WARNING: spoilers below
I also love that her real-life fate was changed to something much more uplifting. Usually this would be a serious breach of historical accuracy, but is that really what you come to a Tarantino movie for? Her murder being prevented and Rick coming over for a friendly visit is the perfect conclusion you can give to her. She get to continue spreading joy and making people smile.

My favorite actor Al Pacino gets a few nice moments to shine, creating a very eccentric and funny personality in Marvin Schwarz. "Who's gonna beat the s'hit out of you next week? Mannix? The Man From U.N.C.L.E.? The girl from U.N.C.L.E.? How about Batman & Robin?" Unfortunately, and this is one of the few problems I have with the film, he's extremely underutilized. He only appears in a 3 minute long scene in the beginning, and at the halfway point or so he appears for a few more seconds. Maybe there's a lot that got cut out, but when I saw him in the trailer I thought he would be a major important character. Instead it's only just barely more than a cameo.

The pacing can be slow at times too. It never hurts the movie severely, but it feels a little directionless at points. This is only for short stretches though, most of the time I had a blast.

WARNING: spoilers below
The final act does go all-out with the violence and mayhem, and does so with a touch of black humor. Cliff is so stoned that you think he's practically defenseless and an easy target for the Manson cult members, but then he suddenly starts stabbing people left and right and brutally beats Squeaky's face to a bloody pulp, even more so than the ass-holes who damaged his left tire. His dog (which I haven't mentioned until now) gets in on the action as well and demolishes Tex's crotch to the point where it probably looks like an anorexic gerbil. Nothing is more satisfying however than when one of them disturbs Rick relaxing in his pool and he responds by bringing out the flamethrower from one of his movies. Rick's just as much of an action hero in real life as he is onscreen.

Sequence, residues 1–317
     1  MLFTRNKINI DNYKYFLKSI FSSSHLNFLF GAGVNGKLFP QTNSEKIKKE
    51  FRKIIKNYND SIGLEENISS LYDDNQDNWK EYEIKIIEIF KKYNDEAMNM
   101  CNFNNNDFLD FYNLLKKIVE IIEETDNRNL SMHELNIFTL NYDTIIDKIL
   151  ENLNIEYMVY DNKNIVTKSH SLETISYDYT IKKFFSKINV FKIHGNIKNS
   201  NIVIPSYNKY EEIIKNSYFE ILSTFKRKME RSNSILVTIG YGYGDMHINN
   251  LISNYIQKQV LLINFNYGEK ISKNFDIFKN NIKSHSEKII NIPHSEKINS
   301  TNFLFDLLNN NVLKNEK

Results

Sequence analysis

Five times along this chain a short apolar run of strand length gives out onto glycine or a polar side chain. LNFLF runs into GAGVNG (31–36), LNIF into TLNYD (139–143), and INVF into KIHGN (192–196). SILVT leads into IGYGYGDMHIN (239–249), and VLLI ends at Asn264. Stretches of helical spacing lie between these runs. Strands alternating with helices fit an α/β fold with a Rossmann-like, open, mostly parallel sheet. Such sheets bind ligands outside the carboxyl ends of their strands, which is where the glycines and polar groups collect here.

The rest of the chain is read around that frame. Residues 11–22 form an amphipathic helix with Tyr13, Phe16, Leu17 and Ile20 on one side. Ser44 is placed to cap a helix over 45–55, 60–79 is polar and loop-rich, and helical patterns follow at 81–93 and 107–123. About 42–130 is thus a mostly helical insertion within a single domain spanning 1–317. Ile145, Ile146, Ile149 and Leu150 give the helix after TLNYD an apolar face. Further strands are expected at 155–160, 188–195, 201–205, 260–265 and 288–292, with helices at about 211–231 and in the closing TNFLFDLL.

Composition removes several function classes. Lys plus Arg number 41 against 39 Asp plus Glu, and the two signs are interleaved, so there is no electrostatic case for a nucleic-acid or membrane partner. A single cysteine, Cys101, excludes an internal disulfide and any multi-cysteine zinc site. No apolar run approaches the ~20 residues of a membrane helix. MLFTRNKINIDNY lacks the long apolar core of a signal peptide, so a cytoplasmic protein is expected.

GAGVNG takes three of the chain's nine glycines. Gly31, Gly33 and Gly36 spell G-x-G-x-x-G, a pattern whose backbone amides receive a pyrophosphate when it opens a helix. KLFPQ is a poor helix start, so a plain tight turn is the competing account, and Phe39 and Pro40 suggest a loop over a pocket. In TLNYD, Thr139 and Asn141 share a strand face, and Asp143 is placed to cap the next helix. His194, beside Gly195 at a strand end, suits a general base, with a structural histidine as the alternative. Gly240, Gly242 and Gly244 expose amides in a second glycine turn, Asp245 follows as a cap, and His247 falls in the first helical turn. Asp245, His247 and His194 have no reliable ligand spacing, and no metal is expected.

Even my friend who's not a fan of Tarantino found a lot to like in Once Upon A Time In Hollywood. It's funny, it's nostalgic without ever feeling self-indulgent, and it's got one of the best acting duos I've seen this decade. I promise it'll be worth your dime.